Rabbi Marc Gellman writes about religion for Newsday.
Q: When a loved one dies, we miss them for the rest of our lives. What happens when we die and go to heaven? Do we miss those we leave behind? Heaven promises us complete happiness, but I can’t imagine being happy without my children and grandchildren. — R, via email
A: Your poignant question seems particularly appropriate when our thoughts turn to those whom death has taken from us in the past year. Your question reveals your deep and powerful love for your family. They are blessed to be loved by you. Your question reminds us that we mourn in a self-referential manner. We focus on how we feel about no longer being with the ones we loved in life and still love in our hearts after death. Your question turns us around and asks us to think about how they feel about no longer being with us.
Such questions about the fate of our souls after death confront the mystery of human finitude and with it the existence and nature of the soul and God. The philosopher Gabriel Marcel taught that such questions about mysteries cannot be answered the way we answer questions about problems. Problems are questions we constitute.
Mysteries are questions within which we ourselves are constituted. We confront and solve problems but we can only encounter and live through the mysteries. Problems disappear once they are answered but mysteries endure forever. The truth is that we already understand the distinction between problems and mysteries even before we are taught how to describe it.
When I teach about problems and mysteries to children and adults whose spiritual curiosity has not been killed by the secular world, I ask them a series of questions. I ask them what is the cure for cancer and they know that this is just a problem. It has no solution yet but someday it will and it will go away. I ask them if they think goodness is ultimately rewarded and evil ultimately punished and they all know that this is a mystery and that it will never be solved and never go away. Our response to the nature of our soul’s feelings after death is a mystery whose best and only response by us is how we live our lives.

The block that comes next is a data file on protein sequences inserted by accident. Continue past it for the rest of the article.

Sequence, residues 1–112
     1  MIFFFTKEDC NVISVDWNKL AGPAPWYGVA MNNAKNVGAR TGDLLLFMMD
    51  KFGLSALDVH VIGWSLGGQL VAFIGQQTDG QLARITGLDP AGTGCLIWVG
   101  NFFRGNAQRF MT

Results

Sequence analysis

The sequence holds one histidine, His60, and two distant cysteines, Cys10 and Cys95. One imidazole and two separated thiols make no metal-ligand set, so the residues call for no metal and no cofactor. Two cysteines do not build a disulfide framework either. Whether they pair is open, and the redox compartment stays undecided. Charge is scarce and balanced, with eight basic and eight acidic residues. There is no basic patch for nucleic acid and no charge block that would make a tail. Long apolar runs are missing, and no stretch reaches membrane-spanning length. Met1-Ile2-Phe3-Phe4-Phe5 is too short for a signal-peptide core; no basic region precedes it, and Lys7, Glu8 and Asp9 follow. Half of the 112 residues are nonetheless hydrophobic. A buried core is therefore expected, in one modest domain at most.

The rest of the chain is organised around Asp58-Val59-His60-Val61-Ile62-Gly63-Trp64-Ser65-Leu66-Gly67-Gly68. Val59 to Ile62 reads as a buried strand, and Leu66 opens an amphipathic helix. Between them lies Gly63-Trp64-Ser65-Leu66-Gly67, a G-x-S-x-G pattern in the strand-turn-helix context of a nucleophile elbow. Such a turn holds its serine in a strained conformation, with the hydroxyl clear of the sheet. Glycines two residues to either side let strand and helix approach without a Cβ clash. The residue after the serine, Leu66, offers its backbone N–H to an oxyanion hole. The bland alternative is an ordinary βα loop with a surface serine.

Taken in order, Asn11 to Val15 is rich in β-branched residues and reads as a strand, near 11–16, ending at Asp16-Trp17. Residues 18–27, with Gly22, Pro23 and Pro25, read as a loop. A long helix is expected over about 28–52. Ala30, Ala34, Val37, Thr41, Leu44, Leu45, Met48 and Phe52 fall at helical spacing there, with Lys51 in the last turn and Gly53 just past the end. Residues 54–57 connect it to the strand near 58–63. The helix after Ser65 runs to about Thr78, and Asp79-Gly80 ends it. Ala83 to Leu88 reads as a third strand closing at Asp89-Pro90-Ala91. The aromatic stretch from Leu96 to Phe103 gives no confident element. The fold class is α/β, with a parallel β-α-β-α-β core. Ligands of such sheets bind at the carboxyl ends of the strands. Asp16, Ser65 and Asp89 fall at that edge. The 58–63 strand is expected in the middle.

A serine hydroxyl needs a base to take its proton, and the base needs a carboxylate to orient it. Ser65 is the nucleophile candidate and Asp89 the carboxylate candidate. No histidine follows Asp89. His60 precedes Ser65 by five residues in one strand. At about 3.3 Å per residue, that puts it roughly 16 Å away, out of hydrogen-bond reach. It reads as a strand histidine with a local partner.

So if you truly believe that God is the creator and comforter of our souls, then you must also believe that God will comfort and console the souls of our beloved ones in Heaven. I believe this and our faiths believe this. God is the healer of broken souls. Being so close to the glory of God no doubt helps to comfort the souls of our dearly departed. I believe that another part of the healing God provides for them to reduce the agony of separation from us is that their souls in Heaven are finally reunited with the souls of their ancestors and teachers and friends.
Buddhism has a sobering but deeply wise approach to the mystery of death. Buddhism teaches that life is full of suffering and the cause of this suffering is being too attached to this life that is ultimately just an illusion. By reducing our attachments while still living lives of compassion, we can more easily cope with the mystery of death and the meaning of life.
The Western faiths take a more world-attached view in which grief is accepted as the price of love. Grief is not to be avoided. Grief is therefore something to be welcomed because it is proof of a loving attached life. This is the view of Judaism, which is the faith most attached to this life and this world. Islam is slightly less attached to the world than Judaism and has a more elaborated conception of Heaven. Christianity is by far the least attached Western faith. Jesus sums this up perfectly in his simple yet powerful teaching in John 18:36, “My kingdom is not of this world.” Christian theology really does straddle East and West and so does my favorite modern poet, Mary Oliver, who wrote with elegance, simplicity and wisdom the deepest truth I know about how to cope with death from the perspective of either souls living on earth or souls living in Heaven:
“To live in this world you must be able to do three things: to love what is mortal; to hold it against your bones knowing your own life depends on it; and, when the time comes to let it go, to let it go.”